The Persian defeat at Salamis would have had little strategic impact had Xerxes not feared the Greeks would attack his bridge across the Hellespont, isolating him in Greece. It had the power to send envoys asking for assistance and to dispatch troops from the member states to defensive points after joint consultation.
I will get on it right away. He fled back to Persia, and shutting himself in his palace spent the rest of his life in idle pleasure. The Spartans had very few ships to contribute, but they regarded themselves the natural leaders of any joint Greek military expedition, and always insisted that the Spartan general would be given command on such occasions.
The article has been written mainly using ancient Greek sources. It had the power to send envoys asking for assistance and to dispatch troops from the member states to defensive points after joint consultation.
Dispositions[ edit ] In the Allied fleet, the Athenians were on the left, and on the right were probably the Spartans although Diodorus says it was the Megareans and Aeginetians ; the other contingents were in the center.
The section lacks background! He ordered the fleet to return to the Hellespont to protect his bridge, and the army to abandon Attica and go into winter quarters. Herodotus clearly believed that the Persian fleet actually entered the Straits at nightfall, planning to catch the Allies as they fled.
His fears magnified a minor defeat into a major withdrawal. It should be removed or relocated. The original statement, that they had merely hoplites to contribute, is an exaggeration based on the fact that the Spartans valued infantrymen over naval ships.
Removed text[ edit ] I removed this text, since I found it not very informative when did it take place and hardly an encylopedia entry "most stupendous moment in history". It is said that it was the Immortals, the elite Persian Royal Guard, who during the battle had to evacuate to Psyttaleia after their ships sank: The main difference of course is that in modern Western democracies there is a much higher portion of the population who are considered citizens with rights, compared to ancient Greek states.
Xerxes and most of his army retreated to the Hellespont, where Xerxes wanted to march his army back over the bridge of ships he had created before the Greeks arrived to destroy it although they had in fact decided not to do this.
He also brought with him the lords and ladies of his court to enjoy the spectacle. I skipped the ship number cites but I added a few extra cites, for example Herodotus VIII, 85 reports the reproach of the ghost of a woman. The Spartans wanted to withdraw the fleet to protect Corinth from a Persian attack.
If then you so desire, let us straightway attack the Peloponnese, or if it pleases you to wait, that also we can do Nor can you say that we have anywhere done less than brave men should, and if Phoenicians and Egyptians and Cyprians and Cilicians have so done, it is not the Persians who have any part in this disaster.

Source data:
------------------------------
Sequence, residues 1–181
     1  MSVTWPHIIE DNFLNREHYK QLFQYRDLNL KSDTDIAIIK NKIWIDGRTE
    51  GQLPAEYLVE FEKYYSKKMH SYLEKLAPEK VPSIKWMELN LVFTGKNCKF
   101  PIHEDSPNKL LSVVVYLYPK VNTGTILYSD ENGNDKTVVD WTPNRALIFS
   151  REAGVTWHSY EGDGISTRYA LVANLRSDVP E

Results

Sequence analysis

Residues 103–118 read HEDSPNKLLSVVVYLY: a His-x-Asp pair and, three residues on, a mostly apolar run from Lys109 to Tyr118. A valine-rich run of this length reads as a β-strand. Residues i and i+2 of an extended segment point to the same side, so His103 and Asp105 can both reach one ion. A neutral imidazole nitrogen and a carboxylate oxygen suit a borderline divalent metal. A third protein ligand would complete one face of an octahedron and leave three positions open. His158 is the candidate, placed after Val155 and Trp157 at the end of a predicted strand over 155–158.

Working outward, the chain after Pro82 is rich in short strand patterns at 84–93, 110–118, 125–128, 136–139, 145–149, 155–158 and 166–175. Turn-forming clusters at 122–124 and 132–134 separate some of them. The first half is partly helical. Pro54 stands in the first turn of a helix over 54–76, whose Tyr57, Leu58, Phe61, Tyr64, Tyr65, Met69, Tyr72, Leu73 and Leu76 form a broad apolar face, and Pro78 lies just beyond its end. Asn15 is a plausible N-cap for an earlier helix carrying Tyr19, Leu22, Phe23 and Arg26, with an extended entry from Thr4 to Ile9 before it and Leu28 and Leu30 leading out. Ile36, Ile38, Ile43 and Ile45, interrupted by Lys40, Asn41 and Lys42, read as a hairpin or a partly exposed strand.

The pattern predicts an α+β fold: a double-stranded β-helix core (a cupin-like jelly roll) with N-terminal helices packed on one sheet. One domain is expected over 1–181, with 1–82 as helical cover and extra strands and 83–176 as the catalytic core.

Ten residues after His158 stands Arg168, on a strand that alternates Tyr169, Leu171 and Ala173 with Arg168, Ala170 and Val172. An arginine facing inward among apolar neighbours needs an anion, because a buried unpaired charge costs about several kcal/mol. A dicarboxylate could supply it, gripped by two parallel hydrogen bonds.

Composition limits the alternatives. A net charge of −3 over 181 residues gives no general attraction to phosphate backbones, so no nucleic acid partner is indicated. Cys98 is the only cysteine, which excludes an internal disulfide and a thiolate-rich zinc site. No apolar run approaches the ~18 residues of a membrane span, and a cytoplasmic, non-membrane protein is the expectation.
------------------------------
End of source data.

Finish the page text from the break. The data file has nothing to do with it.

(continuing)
This should be used to replace primary sources except for direct quotes. While he was no tyrant, he used his connections, his oratory skills, and the Athenian process of ostracism to dominate the political scene. Perhaps he deserves a mention here?
The Persian ships in the rear collided with those in the front line, causing great confusion. For instance, it is widely accepted by historians that numbers from Herodotus should not be taken literally as he tended to exaggerate, specially regarding the size of the Persian armies and navies.
As a Greek, I can say this.Focus Questions: 1. How was Xerxes forced into a journey of revenge due to is kingship?
Perhaps Xerxes feared that news of Salamis would reach Ionia and encourage revolt. Whatever the reason, Xerxes withdrew the fleet and sent it to winter stations neat the Dardanelles and Ionia.
Xerxes took no more interest in military matters and. The main battle was planned to take place in Salamis toward the end of September. Therefore, the Decree of Troezen is not only compatible with several elements of Herodotus’ narration but also helps to interpret the Histories in a.
The Battle of Salamis was a naval battle between the Greek city-states and Persia, fought in September, BC in the straits between Piraeus and Salamis, a small island in the Saronic Gulf near Athens, Greece. The Birth of Military Strategy: Enter the Battle of Salamis.
Share on Facebook F; Enter the Battle of Salamis. the cities of Greece were aware of Xerxes. Persian Wars: Battle of Salamis. Search the site GO. History & Culture. Military History Naval Battles Military History Naval Battles Battles & Wars Key Figures Placing his throne on the slopes of Mount Aigaleos, Xerxes prepared to watch the coming battle.
While the night passed without incident, the following morning a group of. Battle of Salamis: Battle of Salamis, ( bc), battle in the Greco-Persian Wars in which a Greek fleet defeated much larger Persian naval forces in the straits at Salamis, between the island of Salamis and the Athenian port-city of Piraeus.
By the Persian king Xerxes and his army had overrun much of Greece, and.Download